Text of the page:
Ok it might be a little less than half side but it's near enough. I've been sitting on this for a while and needed to reference it for someone so I thought I'd post quickly about it. One of the most common complaints about .Net is that you have a lot of hidden "content" by the way of hidden inputs and the likes throughout your site. This can easily get corrupt on postback/slowdown the page load times etc.

Really you should be optimising each control on the page (enabling/disabling where relevant) but if you want to cheat (lets face it, we all do):

  1. Download the files: PageStateAdapterv1.0.zip (3KB)
  2. Put PageStateAdapter.browser into your /App_Browsers/ folder (or create one and add it)
  3. Put TSDPageStateAdapter.dll into your website's /bin/ folder
  4. Load up your website and checkout your ViewState :)

Incase you're interested in the source for it:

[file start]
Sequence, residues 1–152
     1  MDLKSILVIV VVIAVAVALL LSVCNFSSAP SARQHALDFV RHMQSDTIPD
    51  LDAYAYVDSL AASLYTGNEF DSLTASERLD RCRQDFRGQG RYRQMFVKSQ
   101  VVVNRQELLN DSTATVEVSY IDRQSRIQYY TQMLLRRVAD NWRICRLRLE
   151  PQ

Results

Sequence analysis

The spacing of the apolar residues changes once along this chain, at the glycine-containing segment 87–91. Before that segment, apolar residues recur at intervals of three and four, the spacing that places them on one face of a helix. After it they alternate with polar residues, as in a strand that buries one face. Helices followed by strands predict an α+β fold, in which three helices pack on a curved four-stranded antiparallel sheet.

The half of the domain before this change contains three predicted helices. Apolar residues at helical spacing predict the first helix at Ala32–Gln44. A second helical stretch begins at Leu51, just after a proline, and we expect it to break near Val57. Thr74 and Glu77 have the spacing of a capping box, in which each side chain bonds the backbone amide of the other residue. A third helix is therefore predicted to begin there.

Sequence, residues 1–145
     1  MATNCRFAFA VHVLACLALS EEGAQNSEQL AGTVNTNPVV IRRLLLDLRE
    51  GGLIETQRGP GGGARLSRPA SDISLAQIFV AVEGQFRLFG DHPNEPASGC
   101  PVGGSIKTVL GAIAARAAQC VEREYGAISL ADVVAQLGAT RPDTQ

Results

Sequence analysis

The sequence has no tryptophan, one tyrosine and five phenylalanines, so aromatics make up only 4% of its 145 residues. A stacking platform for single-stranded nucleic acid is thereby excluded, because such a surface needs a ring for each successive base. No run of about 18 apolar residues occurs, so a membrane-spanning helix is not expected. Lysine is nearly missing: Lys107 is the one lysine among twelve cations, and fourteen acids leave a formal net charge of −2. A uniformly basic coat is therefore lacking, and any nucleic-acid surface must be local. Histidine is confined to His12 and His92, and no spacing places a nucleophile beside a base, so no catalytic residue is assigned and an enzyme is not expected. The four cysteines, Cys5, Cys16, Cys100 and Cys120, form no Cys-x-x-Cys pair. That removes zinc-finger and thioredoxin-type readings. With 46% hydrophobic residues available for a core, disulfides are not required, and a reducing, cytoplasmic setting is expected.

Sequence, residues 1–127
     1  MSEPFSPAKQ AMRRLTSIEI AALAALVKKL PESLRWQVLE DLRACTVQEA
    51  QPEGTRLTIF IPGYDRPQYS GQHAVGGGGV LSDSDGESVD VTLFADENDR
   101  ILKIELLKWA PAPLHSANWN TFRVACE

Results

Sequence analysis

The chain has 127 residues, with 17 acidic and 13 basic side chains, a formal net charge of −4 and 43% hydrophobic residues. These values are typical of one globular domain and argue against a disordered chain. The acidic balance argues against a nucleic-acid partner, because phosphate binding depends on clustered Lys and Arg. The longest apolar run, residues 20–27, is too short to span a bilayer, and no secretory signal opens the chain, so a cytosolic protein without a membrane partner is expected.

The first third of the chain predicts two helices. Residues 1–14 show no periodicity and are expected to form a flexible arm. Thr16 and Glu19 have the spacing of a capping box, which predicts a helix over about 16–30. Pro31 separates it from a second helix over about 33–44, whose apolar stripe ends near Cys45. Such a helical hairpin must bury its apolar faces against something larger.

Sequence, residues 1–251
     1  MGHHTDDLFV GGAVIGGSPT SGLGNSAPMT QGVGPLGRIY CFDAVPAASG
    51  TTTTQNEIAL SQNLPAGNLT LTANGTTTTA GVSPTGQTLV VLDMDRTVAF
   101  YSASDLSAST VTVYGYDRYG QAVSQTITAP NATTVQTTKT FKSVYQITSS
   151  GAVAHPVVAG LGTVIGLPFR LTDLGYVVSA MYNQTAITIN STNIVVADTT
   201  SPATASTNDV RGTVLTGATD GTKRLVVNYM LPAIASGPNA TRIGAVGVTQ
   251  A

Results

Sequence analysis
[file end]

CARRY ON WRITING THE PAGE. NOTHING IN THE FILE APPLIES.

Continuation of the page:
PageStateAdapter.browser

<browsers>
    <browser refID="Default">
        <controlAdapters>
            <adapter controlType="System.Web.UI.Page" adapterType="TheSiteDoctor.PageStateAdapter.PageStateAdapter" />
        </controlAdapters>
        <capabilities>
            <capability name="requiresControlStateInSession" value="true" />
        </capabilities>
    </browser>
</browsers>

PageStateAdapter.cs

using System.Web.UI;

namespace TheSiteDoctor.PageStateAdapter
{
    public class PageStateAdapter : System.Web.UI.Adapters.PageAdapter
    {
        public override PageStatePersister GetStatePersister()
        {
            return new SessionPageStatePersister(this.Page);
        }
    }
}

The best example of how much this reduces ViewState by is when you add a large DataGrid to your site.

Post files: PageStateAdapterv1.0.zip (3KB)

Update: Apologies to those of you who downloaded and found it wouldn't compile, the .browser file was a little off (missing the second "PageStateAdapter"). I've updated it and changed the zip file download. Enjoy!

Friday, April 17, 2009 3:53:05 PM (GMT Daylight Time, UTC+01:00)  #    Disclaimer  |  Comments [4]  |